Being healthy is hard f*cking work. As someone who's struggled with weight and body issues since high school, I know that it takes more than just wishing to see an actual difference in how you look and feel. I spent most of college drinking and eating fast food, which caused me to have extremely low self-esteem. I was uncomfortable in my own skin, constantly got mad at myself for not doing anything about it, and had a pretty warped thought process for what I considered to be "healthy." Shortly before graduation, I ditched a lot of the booze and other unhealthy habits and started taking proper care of myself. That was more than eight years ago, and while I'm healthier than I've ever been, it's still hard f*cking work.
I know that I need a break, and I give myself one, but you know what? I always, without fail, feel so guilty about it.
Throughout my fitness journey, I've had a love-hate relationship with a good sweat session. Most days, I love it. I love releasing any anger, stress, sadness, or worry from my day through a workout; I love the feeling of being tired and accomplished afterward; and I love that sweet, sweet soreness the next day that's proof of a battle well-fought. I'm a very competitive person, so setting goals for myself and beating them also makes me feel really good. I used to hate running, so I ran a half marathon in a small town in Ireland all by myself (having nobody waiting for me at the finish line was actually awesome). I always thought lifting weights wouldn't do anything for me, so I tried working it into my regular routine and have never looked back. And I used to think that sticking to the same boring workout for years was fine until I challenged myself to do something different every day (one word: ow).
But as much as I love working out and feeling strong, there are a lot of days when I just don't want to do it. Either I'm too tired, stressed to the point where I tell myself I deserve to sit down, already hungry for dinner, battling terrible cramps, or, yes, just lazy. Most of those days I power through and work out anyway (I try to work out five days a week). But other days, I give myself a break. I'll skip the gym to binge Netflix, take a nap, get some more work done, or (if I'm battling those cramps) eat dark chocolate and peanut butter. And on many of these days when I skip the gym, I'm listening to my body telling me it needs a rest. I know that I need a break, and I give myself one, but you know what? I always, without fail, feel so guilty about it.
While I'm relaxing on my random off day, I think about how I could have probably just done a 20-minute workout to feel like I at least did something that day (and to make me feel less guilty about eating that cookie at work). I'll scroll through Instagram and see other people at fitness classes or posting a motivational quote that would speak to me on any other day, but because I'm seeing it while I'm lying on my couch, I beat myself up over it. I could have had four killer gym sessions in a row, but if I decide to go to dinner with my friends on Friday night instead, guilt will creep in and stay a while. Of course, there are things I want to change about my body, and I would love to be leaner and fitter than I am now, so skipping one day in the gym makes me convince myself that I've somehow taken 10 steps back.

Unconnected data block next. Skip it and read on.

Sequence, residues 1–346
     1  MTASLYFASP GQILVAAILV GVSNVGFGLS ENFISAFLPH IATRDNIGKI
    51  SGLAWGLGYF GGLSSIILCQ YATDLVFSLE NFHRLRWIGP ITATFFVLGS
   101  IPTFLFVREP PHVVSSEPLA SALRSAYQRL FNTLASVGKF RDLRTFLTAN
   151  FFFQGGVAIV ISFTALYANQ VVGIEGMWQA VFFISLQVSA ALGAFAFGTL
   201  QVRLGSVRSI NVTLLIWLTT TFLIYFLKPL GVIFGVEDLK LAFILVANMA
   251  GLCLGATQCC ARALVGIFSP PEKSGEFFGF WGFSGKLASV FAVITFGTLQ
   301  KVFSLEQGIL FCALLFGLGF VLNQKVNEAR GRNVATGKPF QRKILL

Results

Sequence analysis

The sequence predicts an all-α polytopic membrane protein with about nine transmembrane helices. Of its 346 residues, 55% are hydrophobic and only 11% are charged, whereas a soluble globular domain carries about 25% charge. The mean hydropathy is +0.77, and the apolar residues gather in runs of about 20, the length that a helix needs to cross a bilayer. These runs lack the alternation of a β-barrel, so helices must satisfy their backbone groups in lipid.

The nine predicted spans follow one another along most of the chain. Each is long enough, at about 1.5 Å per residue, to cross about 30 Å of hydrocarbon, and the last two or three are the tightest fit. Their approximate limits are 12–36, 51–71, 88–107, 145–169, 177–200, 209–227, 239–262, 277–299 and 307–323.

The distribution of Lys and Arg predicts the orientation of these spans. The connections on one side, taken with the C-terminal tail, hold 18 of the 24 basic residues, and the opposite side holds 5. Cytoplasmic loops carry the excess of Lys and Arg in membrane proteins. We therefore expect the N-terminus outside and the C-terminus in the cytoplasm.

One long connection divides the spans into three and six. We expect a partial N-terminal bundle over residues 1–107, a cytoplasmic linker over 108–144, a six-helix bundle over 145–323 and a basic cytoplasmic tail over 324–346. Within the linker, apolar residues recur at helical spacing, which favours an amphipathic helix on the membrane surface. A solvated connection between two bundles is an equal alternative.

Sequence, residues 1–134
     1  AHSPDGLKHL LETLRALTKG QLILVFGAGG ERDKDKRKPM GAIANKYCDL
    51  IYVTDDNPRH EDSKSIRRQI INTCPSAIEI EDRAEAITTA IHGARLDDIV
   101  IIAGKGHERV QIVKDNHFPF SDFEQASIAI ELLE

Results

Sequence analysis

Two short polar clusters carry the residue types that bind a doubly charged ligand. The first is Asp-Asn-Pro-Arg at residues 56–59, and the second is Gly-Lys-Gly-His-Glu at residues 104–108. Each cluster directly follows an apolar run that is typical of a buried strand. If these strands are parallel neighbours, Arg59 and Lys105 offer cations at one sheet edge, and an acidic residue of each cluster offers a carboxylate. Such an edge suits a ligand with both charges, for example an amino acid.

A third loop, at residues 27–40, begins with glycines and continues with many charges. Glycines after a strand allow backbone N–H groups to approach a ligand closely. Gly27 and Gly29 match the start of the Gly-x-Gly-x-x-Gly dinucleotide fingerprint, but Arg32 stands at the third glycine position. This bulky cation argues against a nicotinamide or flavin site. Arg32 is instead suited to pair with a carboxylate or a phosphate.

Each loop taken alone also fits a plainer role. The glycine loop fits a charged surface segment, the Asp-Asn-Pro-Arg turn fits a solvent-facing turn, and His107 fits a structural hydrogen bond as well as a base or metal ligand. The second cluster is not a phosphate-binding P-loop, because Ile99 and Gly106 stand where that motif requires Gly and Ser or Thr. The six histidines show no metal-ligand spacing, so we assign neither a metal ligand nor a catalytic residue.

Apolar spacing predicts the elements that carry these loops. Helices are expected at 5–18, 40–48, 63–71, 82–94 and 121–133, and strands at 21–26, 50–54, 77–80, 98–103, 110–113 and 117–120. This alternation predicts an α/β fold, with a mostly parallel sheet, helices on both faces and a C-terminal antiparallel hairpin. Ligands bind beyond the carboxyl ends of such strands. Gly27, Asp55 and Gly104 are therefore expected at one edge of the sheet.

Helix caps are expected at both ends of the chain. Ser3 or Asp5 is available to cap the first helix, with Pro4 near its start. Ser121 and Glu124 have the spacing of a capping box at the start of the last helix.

It also doesn't help that my husband is extremely fit. On his "off" days from the gym, he'll go for a casual five-mile run. If we have a busy Saturday and get home late, I'll get into my pajamas and ready to watch a movie while he'll put on his running gear to go the gym before we start the movie. My usual response? "Are you kidding me right now?" He's upped the amount of days he works out from five to six or seven, so when I take the weekend off after kicking my own butt all week, I'll feel like I'm not doing enough. And, in every other season except Winter, our weekends usually consist of hiking, biking, or chasing our dog around the park.
Getting rid of this gym guilt is something I've been trying to work on for the last few years. It's an uphill battle, much like staying consistent in the gym is, but I am trying. I'm really proud of how far I've come and how healthy I am, and I try to remind myself to focus on that instead of worrying about missing one sweat session. It's not the end of the world, and my body won't magically fall apart because of it. Everyone needs rest days. So while going to the gym on regular basis is a crucial part of my self-care routine, so is the occasional date with my couch.